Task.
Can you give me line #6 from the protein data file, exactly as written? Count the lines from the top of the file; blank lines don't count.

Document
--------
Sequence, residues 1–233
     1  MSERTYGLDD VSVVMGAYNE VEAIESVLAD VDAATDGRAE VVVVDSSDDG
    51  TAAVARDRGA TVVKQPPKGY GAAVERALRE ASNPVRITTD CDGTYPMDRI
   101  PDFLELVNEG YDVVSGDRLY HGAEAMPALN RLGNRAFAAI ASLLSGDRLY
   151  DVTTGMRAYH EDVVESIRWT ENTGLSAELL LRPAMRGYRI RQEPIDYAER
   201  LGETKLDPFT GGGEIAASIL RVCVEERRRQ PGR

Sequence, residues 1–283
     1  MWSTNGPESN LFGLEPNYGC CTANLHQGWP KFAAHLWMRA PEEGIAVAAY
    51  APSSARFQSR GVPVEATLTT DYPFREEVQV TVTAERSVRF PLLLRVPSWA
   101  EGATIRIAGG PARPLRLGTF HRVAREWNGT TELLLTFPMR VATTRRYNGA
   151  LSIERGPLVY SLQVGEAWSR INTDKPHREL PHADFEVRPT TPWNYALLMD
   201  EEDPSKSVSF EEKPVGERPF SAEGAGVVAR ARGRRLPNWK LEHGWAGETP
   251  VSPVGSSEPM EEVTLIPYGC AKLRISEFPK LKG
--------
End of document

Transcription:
   201  LGETKLDPFT GGGEIAASIL RVCVEERRRQ PGR